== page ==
Luthier Tips du Jour Mailbag - Working Pain Free

youtube f2hyFtgEUvU

In this episode, Robbie O’Brien answers a viewer’s question regarding garnering a pain-free work environment. Robbie discusses things he does in his shop to avoid working with pain.

Video Transcription

[on-screen text reads: Luthier Tips du Jour Mailbag]

Mailbag question: I have pain when working on my guitar. Have you experienced this and can you offer some suggestions on how to work pain-free?

Robert O'Brien: Today's Tips du Jour Mailbag question comes to us from France. "Dear Robert, as I'm working on my guitar, I'm often having pain, probably because of the way I'm standing. Have you experienced this and can you offer some suggestions on working pain-free?"

First of all, Felix, I recommend a complete medical evaluation. That way you can eliminate the possibility of any underlying medical issues that are causing the pain. As luthiers, we do a lot of repetitive motion, heavy manual labor, and we work with vibrating tools like sanders. All three of these things have been known to cause ailments like carpal tunnel syndrome, bursitis and tendonitis. These ailments can be caused by a combination of genetic and environmental factors. Now there's nothing we can do about the genetic factors. However, the environmental factors we can certainly do something about, and let me show you some of the things I do in my shop that help me work pain-free.

Proper workbench height

Felix, I'm a tall guy and one of the most obvious things in my shop that I do is check my bench height. All of my benches are at least 36 inches tall. This one's coming in at 36 1/2. I made this myself. I wanted a taller bench so that when I'm hand planing and doing things, I'm not forcing my back. As I have several benches in the shop, let me go ahead and measure this one too. This one also is 36 1/2 inches tall from floor to the top of the working surface. My bench where my students work and where I do a lot of my assembly work is at 38 inches tall from floor to the top of the bench. My sanding station is the tallest work surface that I have, and it comes in at 44 1/2 inches. It's quite tall, but that's what I need to work standing upright rather than bending over.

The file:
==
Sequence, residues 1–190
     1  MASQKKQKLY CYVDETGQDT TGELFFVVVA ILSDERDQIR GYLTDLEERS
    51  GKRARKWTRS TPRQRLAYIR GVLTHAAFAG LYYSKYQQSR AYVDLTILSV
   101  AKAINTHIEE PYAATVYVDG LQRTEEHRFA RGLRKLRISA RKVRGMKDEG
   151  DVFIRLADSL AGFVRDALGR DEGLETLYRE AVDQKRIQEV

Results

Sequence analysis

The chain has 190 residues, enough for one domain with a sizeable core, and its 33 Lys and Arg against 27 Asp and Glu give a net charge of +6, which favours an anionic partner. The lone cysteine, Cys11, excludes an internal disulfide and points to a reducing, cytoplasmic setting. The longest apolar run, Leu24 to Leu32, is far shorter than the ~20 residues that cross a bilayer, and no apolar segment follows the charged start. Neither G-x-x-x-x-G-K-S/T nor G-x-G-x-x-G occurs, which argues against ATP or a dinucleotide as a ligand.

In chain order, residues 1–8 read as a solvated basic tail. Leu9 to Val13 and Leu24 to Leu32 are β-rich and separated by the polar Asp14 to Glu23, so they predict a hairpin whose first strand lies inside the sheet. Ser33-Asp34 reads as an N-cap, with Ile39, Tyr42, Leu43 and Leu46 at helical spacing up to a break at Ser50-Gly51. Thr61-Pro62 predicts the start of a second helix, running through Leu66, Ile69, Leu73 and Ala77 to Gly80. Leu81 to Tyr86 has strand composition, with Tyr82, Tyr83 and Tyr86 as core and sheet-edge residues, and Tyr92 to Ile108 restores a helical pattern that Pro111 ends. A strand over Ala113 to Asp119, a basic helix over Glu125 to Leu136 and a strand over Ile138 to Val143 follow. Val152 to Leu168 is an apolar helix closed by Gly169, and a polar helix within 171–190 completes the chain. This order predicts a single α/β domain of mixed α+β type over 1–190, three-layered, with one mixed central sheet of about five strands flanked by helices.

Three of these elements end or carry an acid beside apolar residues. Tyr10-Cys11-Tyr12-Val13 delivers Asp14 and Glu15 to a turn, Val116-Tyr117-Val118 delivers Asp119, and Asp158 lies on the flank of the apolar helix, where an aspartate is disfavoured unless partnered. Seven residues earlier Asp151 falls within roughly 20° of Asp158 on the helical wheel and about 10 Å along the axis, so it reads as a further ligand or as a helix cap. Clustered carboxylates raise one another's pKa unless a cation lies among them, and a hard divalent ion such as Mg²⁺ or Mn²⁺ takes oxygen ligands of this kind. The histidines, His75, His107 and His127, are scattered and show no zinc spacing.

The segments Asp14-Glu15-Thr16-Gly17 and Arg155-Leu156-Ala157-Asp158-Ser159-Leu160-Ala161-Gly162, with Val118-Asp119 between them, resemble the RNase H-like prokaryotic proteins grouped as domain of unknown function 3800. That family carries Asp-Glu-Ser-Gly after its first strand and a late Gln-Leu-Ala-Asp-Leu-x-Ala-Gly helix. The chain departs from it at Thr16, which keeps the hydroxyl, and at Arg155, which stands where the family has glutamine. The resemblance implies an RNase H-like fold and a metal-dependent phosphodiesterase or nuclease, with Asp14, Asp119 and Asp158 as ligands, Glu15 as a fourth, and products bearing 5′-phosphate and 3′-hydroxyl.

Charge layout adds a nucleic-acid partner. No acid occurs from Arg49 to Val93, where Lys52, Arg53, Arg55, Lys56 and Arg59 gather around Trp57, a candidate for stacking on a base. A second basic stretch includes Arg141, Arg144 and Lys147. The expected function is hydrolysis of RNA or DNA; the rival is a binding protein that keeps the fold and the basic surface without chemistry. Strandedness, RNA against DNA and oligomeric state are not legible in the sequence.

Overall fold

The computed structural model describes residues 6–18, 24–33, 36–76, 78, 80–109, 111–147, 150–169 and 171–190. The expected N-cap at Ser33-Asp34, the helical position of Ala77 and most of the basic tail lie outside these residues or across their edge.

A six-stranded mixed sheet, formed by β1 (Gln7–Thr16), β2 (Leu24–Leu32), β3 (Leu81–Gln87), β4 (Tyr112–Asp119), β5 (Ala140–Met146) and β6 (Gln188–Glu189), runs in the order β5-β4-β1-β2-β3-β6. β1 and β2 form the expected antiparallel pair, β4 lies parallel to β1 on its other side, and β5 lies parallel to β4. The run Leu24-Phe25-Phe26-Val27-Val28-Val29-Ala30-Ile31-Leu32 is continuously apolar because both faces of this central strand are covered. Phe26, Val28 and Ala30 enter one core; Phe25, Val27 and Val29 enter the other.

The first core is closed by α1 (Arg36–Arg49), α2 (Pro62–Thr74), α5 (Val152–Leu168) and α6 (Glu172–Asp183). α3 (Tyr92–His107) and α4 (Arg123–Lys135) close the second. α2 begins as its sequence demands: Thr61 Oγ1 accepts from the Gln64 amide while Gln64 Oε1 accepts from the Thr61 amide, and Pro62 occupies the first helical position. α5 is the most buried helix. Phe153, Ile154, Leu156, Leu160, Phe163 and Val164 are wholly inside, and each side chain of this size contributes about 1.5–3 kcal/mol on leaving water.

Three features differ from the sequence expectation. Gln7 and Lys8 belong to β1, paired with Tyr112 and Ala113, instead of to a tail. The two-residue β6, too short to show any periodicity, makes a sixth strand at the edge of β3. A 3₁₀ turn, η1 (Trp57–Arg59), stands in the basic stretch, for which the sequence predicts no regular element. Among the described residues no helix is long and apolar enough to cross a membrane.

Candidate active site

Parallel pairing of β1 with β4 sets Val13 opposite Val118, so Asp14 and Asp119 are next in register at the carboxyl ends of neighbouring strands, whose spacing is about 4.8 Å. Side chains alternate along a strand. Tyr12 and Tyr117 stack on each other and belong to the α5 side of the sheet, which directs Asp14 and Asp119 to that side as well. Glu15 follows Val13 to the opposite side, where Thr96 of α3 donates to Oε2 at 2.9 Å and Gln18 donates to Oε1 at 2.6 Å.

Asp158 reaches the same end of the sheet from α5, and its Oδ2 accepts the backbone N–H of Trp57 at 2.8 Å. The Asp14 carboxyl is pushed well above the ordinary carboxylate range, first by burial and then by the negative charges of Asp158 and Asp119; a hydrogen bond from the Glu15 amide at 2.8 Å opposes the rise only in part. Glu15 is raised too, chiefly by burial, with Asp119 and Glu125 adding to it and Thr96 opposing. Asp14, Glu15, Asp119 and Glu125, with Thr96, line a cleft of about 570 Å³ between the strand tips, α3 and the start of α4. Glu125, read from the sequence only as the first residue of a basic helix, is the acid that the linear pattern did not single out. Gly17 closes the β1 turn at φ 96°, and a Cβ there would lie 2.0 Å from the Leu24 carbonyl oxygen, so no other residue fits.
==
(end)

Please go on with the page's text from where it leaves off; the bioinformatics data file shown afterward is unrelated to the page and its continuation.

So Felix, I think that that's priority number one, is bench height in my shop. If I'm hunched over the bench trying to work, you're creating a lot of tension and stress in the shoulders and back. So I try and have an adequate bench height for the task at hand.

Tool grip pressure

Something else that I've identified as an important factor in working pain-free is the grip that you have on the tool. For example, this chisel. Be aware as you're using it, the amount of force needed to do the task. Over time, I find myself sometimes gripping that tool harder and harder when it's really not necessary. Relax. Don't grip that tool too tight. Just use the amount of force necessary to do that task.

Work with sharp tools

And what goes hand-in-hand with that is work sharp. If your tool is not sharp, you're having to use more pressure and more force, especially like a scraper. A scraper will work you to death. Hand planes as well, they'll work you to death. They'll be your worst enemy if you don't work sharp. If the hand tool is set up properly, tuned, sharp, and you're using the tool properly, it should become a friend, not an enemy. This will help relieve your stress and tension as you work.

Don't work under pressure or tension

Speaking of stress, try and work stress-free. Don't work under pressure. Don't work under tension. Now I know that's not always possible, but try not to. If you're going to create a lot of tension in the neck and shoulders, this is going to reflect in your work and also in your health.

Finally, take a few minutes throughout the day to do some breathing and stretching exercises. Sometimes I find that if I'm working under pressure and under stress, if I just stop, take five minutes, do some breathing, do some exercising, I find I can go back to work much more relaxed. Now I'm not saying to roll out the yoga mat on your shop floor, but hey, if that's what it takes, why not? So Felix in France, thank you very much for your question and for watching my videos. Remember, this is supposed to be fun. So hopefully with the information I've provided you here, you can enjoy it a little bit more. Happy building.

[on-screen text reads: More Luthier Tips and online courses available at www.obrienguitars.com. Private and small group guitar building and finishing instruction available.]

StewMac

 

Robbie O'Brien

Luthier and Instructor, Lutherie Academy